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Improving the understanding, detection, and management of kidney disease.

Evaluate Patients with CKD

Urine and blood tests are used to detect and monitor kidney disease. Currently, the key markers used include abnormal urine albumin levels and a persistent reduction in the estimated glomerular filtration rate (eGFR). Identification of the etiology may help guide management. Diabetes and hypertension are the leading causes of CKD in adults. Many diseases that cause kidney failure may have their origins in childhood. Early detection and appropriate treatment may improve prognosis in all age groups.

Identify Patients with CKD

Screen people at risk for CKD, including those with

The benefit of CKD screening in the general population is unclear.

The two key markers for CKD are urine albumin and eGFR. To screen for CKD:

CKD is generally diagnosed when there is evidence, for more than 3 months, of


Staging systems for chronic disease should identify risk for progression and complications. The current staging system for CKD, based exclusively on eGFR, does not appear to reliably identify those people at greatest risk for progression. Emerging research suggests an approach that includes multiple factors, such as urine albumin, age, and diabetes status may better predict progression.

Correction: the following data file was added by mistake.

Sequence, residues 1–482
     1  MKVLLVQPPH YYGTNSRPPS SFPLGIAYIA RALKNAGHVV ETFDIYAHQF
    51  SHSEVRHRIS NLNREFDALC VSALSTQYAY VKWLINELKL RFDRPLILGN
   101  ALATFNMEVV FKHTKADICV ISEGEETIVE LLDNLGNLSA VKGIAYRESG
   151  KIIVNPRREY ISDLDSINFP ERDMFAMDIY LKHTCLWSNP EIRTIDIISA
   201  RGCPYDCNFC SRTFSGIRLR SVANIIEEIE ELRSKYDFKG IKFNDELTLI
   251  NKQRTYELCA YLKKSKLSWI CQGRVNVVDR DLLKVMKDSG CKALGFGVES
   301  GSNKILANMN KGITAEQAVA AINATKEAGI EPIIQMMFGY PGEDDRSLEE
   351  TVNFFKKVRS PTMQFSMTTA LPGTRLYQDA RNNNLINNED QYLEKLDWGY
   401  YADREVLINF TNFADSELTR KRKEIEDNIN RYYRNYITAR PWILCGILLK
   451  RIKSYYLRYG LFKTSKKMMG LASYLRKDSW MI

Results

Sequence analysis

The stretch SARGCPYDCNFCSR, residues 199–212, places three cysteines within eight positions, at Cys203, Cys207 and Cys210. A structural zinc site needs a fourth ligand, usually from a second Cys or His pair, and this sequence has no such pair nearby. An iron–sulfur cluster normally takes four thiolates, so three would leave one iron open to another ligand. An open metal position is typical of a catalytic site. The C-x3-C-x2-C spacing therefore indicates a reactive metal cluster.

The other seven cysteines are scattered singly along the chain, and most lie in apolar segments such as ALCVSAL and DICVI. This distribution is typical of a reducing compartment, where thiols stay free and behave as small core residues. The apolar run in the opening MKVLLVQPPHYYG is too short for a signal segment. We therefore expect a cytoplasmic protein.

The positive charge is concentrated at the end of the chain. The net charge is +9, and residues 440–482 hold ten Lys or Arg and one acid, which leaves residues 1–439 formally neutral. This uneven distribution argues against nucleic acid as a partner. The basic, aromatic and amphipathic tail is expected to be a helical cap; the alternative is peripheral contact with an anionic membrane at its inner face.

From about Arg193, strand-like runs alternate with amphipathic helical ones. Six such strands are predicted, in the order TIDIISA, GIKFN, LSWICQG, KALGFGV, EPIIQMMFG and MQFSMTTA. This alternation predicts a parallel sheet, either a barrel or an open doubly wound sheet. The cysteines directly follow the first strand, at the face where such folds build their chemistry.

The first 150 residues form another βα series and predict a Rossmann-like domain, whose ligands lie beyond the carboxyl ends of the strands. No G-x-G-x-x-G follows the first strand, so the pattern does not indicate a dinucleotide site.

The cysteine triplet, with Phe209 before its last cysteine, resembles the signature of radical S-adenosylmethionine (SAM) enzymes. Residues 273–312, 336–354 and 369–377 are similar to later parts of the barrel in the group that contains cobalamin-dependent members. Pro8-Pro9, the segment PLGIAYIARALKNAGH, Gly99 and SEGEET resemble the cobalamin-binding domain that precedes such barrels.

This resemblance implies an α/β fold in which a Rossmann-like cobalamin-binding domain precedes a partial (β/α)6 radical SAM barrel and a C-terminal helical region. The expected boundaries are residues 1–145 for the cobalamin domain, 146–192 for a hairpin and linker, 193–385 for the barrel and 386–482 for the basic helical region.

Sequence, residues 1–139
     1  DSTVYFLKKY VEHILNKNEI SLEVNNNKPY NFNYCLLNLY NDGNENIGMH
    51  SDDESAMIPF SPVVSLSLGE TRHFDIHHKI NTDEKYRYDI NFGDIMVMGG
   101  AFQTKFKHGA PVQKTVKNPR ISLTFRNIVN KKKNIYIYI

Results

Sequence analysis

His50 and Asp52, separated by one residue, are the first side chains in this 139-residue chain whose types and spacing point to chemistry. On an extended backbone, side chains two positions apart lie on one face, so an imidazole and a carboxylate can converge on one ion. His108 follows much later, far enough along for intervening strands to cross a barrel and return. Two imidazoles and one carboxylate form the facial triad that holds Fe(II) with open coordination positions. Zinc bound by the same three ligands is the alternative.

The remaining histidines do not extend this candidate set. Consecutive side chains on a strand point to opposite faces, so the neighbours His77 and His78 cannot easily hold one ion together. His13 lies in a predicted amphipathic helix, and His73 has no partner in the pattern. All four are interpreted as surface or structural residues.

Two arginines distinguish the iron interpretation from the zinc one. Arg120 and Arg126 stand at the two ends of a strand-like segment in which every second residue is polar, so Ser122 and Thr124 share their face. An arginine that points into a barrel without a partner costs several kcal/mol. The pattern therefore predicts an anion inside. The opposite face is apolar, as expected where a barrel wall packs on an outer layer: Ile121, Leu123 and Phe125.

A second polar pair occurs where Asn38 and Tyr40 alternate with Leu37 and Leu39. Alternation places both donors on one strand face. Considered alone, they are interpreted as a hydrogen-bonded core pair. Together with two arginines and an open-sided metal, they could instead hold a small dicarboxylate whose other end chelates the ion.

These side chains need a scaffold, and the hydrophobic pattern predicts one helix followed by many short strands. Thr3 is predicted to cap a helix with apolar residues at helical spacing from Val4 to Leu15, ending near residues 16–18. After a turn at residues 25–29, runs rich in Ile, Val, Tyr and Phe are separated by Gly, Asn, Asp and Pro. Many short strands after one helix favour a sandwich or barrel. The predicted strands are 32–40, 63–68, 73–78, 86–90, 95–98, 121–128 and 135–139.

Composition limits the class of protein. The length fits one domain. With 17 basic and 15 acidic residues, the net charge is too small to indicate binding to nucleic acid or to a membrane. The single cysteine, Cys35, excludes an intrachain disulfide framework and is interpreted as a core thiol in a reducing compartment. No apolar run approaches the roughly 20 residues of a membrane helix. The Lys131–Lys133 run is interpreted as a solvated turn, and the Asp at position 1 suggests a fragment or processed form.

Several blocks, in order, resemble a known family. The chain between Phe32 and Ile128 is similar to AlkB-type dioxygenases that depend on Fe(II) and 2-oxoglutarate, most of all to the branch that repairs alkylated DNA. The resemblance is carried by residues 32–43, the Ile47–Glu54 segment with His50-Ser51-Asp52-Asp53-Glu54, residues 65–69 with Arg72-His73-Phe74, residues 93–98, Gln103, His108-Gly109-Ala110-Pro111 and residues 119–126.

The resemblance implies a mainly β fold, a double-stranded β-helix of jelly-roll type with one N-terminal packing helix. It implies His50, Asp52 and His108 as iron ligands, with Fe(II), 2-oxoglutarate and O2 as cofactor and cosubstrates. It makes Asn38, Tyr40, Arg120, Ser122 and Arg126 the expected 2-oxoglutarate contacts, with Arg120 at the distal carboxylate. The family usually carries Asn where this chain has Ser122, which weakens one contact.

In addition, the current staging requires accuracy of eGFR above 60 mL/min/1.73 m2. However, values above 60 calculated using the MDRD Study equation are not accurate. NKDEP encourages laboratories to report eGFR above 60 as "≥ 60" rather than as numerical values.

Although kidney function tends to decrease with age, this process has not been well investigated. Many people with age-related kidney function decline may not progress to kidney failure. Thus, the prognosis for a 75-year-old patient with an eGFR of 55 may be different than that for a 45-year-old patient with the same eGFR.

In addition, GFR may be too narrow a basis on which to assess risk for progression. The approach to staging is likely to evolve as it is informed by ongoing longitudinal research, e.g., the Chronic Renal Insufficiency Cohort Study.